The authors thank the personnel in the operating theatres as well as those in the postoperative and gynecological wards for their help and attention during the various phases of this study. The authors also specifically thank the following nurses who supported them through the various phases of this study: Ingegard Wilhelmsson, R.N.A., Department of Obstetrics and Gynecology, Örebro University Hospital, Örebro, Sweden; Anneli Ljunggren, R.N.A., Department of Anesthesia and Intensive Care, Örebro University Hospital; and Ann-Sofie Strand, R.N.A., Department of Anesthesia and Intensive Care, Örebro University Hospital.
This study was supported partly by funds obtained from the Research Committee, Orebro County Council, Örebro, Sweden.
Competing Interests
The authors declare no competing interests.
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Fig. 1.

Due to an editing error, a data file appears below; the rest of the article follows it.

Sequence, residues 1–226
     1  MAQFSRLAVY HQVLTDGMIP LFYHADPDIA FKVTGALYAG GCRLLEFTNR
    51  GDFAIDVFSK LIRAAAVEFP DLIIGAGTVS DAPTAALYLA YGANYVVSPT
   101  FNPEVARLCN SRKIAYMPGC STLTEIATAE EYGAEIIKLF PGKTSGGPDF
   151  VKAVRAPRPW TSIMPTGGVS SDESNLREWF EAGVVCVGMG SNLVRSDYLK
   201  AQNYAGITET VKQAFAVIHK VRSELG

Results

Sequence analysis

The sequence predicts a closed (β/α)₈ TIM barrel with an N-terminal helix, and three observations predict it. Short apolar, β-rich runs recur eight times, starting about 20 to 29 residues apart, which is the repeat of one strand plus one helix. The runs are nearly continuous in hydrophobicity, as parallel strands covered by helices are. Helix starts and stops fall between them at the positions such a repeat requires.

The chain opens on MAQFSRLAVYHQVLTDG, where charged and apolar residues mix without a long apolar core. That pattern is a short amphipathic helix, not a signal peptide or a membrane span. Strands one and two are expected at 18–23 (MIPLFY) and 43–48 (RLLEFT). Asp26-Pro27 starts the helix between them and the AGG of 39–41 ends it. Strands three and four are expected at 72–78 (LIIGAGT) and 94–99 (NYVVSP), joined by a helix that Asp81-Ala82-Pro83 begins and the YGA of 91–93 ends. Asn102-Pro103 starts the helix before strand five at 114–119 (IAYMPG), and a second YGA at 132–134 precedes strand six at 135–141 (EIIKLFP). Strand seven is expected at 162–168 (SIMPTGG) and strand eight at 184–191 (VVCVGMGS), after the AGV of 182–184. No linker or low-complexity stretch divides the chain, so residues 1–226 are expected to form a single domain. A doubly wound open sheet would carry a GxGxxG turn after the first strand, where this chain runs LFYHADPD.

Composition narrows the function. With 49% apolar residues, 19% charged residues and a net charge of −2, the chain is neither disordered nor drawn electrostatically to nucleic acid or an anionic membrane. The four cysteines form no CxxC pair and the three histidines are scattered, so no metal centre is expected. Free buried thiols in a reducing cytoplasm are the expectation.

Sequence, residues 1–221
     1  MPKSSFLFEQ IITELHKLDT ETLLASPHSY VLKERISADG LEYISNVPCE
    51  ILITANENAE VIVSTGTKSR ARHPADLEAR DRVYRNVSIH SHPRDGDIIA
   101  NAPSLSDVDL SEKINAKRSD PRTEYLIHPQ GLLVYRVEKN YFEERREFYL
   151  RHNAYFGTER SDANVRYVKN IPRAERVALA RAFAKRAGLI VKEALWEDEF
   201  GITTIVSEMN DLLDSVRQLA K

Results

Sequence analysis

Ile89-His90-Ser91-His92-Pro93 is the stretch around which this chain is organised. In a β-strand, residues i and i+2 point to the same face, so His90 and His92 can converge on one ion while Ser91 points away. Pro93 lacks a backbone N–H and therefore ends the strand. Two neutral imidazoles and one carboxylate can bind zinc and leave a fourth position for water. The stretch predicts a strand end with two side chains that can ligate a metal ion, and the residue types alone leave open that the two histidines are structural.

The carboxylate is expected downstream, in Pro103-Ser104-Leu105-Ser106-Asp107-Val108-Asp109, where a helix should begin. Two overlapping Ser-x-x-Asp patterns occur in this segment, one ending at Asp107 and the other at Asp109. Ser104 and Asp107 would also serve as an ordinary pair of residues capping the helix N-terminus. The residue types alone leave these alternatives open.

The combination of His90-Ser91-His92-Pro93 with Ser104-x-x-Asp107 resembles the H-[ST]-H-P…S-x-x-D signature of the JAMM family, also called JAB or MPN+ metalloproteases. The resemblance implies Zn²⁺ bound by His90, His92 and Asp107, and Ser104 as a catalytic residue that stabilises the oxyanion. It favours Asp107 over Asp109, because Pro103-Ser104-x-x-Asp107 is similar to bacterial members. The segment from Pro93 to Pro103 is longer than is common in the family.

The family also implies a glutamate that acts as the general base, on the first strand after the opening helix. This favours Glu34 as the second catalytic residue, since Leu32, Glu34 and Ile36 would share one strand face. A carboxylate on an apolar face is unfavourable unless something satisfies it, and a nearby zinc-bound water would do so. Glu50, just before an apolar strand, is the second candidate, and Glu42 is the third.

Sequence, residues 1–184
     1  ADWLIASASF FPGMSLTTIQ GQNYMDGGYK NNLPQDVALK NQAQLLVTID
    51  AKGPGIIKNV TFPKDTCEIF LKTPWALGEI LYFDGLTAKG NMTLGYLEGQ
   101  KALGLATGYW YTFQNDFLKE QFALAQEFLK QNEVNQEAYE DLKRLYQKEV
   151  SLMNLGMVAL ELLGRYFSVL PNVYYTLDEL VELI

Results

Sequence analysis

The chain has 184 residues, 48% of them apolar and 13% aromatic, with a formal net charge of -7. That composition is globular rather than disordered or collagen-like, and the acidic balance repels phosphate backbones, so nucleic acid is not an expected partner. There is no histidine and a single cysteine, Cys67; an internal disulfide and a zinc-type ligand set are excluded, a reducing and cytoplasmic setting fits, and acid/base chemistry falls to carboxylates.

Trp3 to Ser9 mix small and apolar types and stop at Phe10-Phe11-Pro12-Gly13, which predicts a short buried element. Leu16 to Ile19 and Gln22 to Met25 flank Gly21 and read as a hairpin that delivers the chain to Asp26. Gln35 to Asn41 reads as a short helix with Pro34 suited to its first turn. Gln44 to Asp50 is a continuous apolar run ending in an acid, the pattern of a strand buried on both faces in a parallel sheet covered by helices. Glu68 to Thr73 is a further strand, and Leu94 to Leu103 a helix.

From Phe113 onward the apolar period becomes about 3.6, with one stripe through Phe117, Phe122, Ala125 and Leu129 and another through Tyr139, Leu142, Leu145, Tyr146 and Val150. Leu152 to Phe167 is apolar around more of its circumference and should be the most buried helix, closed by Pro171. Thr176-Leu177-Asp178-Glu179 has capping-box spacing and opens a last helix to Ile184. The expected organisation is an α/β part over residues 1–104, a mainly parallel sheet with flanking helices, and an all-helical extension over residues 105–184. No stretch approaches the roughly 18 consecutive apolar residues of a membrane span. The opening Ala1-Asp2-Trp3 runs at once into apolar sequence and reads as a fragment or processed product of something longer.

Flow diagram of screened, excluded, and recruited patients. AV = atrioventricular; Group IP = intermittent intraperitoneal lidocaine; group IV = continuous intravenous lidocaine; group P = placebo. *See tables for details.
Flow diagram of screened, excluded, and recruited patients. AV = atrioventricular; Group IP = intermittent intraperitoneal lidocaine; group IV = continuous intravenous lidocaine; group P = placebo. *See tables for details.
Fig. 1.
Flow diagram of screened, excluded, and recruited patients. AV = atrioventricular; Group IP = intermittent intraperitoneal lidocaine; group IV = continuous intravenous lidocaine; group P = placebo. *See tables for details.
×
Fig. 2.
(A–C) Pain at the incision site, deep pain, and pain on coughing. Distributions are shown as box plots and interquartile range. Group IP = intermittent intraperitoneal lidocaine; group IV = continuous intravenous lidocaine; group P = placebo; NRS = numeric rating scale; ° = outliers. The whiskers represent minimum and maximum values if outliers are not present.
(A–C) Pain at the incision site, deep pain, and pain on coughing. Distributions are shown as box plots and interquartile range. Group IP = intermittent intraperitoneal lidocaine; group IV = continuous intravenous lidocaine; group P = placebo; NRS = numeric rating scale; ° = outliers. The whiskers represent minimum and maximum values if outliers are not present.
Fig. 2.